By Kelly Smith
When we moved into our house, an empty spot by the front door begged for a little table. I needed a place for my keys, incoming mail, and outgoing library books. I meandered through the furniture section of a local thrift store, searching for just the right piece. I found my little table at the end of an aisle. An old garden bench with peeling, tacky teal paint, it looked pitiful. I loaded it up and headed home for the great makeover.
I spread out a tarp on the garage floor and collected the supplies I needed: sandpaper, a soft rag, paintbrushes, and a can of shiny black paint. As I walked around the little table, I could see its potential in my mind. I was tempted to skip the sanding and get right to the painting. I wanted the results without the hard work of rubbing away the imperfections.
But thanks to my many hours watching DIY reality shows, I knew refinishing furniture starts with sanding. Sanding removes the old finish, giving the new paint something to grip. Without this crucial, painstaking process, the new paint might peel or chip. So I pushed up my sleeves and sanded away the peeling paint until a smooth surface remained. Fine grains of imperfection fell to the tarp as I methodically worked my way around the table. With all the rough patches removed, my table soaked in the new paint and found renewed life.
Sanding isn’t the fun part of refinishing furniture. Repetitious friction isn’t glamorous. Rubbing away the old to prepare for the new is tiresome and sometimes painful. However, lasting beauty requires this challenging work.
Disagreements are a sort of sandpaper for people. Differing opinions rub us the wrong way. They cause conflict in families, between neighbors, and within the church. Contention can lead to splits and silent treatments.
Disagreements can also be a gift. They can prepare us for a greater level of intimacy in our relationships. Listening to someone else’s perspective broadens our own point of view. It causes us to think deeply, consider the other side, and maybe even experience new emotions.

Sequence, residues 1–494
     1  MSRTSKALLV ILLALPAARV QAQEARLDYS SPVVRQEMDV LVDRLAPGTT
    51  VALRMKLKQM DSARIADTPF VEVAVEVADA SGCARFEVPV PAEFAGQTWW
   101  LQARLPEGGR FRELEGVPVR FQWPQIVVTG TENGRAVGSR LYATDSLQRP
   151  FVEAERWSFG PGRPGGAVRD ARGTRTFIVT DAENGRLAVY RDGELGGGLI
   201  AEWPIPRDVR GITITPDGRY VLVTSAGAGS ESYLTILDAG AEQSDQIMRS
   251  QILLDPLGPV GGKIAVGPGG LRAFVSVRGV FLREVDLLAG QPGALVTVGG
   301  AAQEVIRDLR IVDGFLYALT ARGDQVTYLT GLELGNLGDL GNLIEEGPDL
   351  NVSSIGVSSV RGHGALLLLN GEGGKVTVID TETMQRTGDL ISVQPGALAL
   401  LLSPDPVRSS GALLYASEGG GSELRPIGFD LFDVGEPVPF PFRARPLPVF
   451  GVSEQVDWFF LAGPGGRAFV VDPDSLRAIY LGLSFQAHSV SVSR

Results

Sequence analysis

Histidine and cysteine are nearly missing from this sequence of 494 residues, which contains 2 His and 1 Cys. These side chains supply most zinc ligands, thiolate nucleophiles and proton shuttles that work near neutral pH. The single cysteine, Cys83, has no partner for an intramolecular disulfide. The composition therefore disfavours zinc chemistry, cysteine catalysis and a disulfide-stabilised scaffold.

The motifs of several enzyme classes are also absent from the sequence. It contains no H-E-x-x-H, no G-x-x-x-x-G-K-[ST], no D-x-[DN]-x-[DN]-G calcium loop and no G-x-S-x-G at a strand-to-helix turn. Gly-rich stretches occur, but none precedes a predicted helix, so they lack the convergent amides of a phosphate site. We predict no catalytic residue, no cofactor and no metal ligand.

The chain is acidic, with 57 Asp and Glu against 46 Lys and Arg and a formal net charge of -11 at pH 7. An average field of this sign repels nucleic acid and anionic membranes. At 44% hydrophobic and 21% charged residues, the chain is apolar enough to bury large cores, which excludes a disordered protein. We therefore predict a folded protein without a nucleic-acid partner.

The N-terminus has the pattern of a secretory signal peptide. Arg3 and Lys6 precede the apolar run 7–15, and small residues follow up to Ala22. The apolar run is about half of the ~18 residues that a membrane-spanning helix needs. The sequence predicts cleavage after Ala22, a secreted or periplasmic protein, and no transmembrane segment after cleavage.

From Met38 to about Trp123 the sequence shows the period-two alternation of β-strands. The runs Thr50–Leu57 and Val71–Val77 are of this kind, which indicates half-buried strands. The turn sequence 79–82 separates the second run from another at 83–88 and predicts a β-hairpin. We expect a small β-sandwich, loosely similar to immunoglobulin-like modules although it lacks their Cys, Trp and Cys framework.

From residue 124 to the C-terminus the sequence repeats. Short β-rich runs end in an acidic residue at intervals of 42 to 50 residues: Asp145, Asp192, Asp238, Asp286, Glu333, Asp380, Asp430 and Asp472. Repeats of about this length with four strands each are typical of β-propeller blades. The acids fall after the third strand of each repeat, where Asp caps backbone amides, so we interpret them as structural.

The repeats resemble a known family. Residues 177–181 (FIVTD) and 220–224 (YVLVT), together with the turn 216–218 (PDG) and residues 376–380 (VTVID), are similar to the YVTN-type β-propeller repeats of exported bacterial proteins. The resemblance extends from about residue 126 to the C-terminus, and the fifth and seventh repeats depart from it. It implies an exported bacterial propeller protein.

If we shut someone out at the first sign of friction, we miss the rubbing that refines our imperfections and prepares us for deeper intimacy. Considering differing opinions prompts us to search for truth, leading to a solid stance in our convictions or a heart change when new truths are uncovered.
Recently, my family walked through a refining, sandpapery experience. Someone we respect said some things that didn’t sit well with us. Instead of retreating from the conversation, though, we stepped back to consider the heart behind his words. Knowing his character, we determined his words came from a place of love and truth, even if they felt abrasive. We looked deeper at what we believe about the controversial topic. We spent a lot of time around our dinner table talking about truth and grace.
In the end, we approached the difference of opinion with grace. We viewed this experience as a gift. Through the disagreement, we searched Scripture for truth, renewed our beliefs, and drew closer together as a family. No hard feelings remain, only understanding and a stronger bond.
Consider viewing your next disagreement like sandpaper on furniture. Allow the process of smoothing the rough patches to make way for strength and intimacy. The other side of the friction promises renewed life.
Kelly Smith is a small town girl who married a small town man. They have three children. In the quiet minutes of her day, you will find her at the keyboard or curled up with a book–always with coffee. Kelly believes we are created for community and loves to find ways to connect with other women who are walking in the shadow of the cross. She blogs at mrsdisciple.com.
Photograph © Jez Timms, used with permission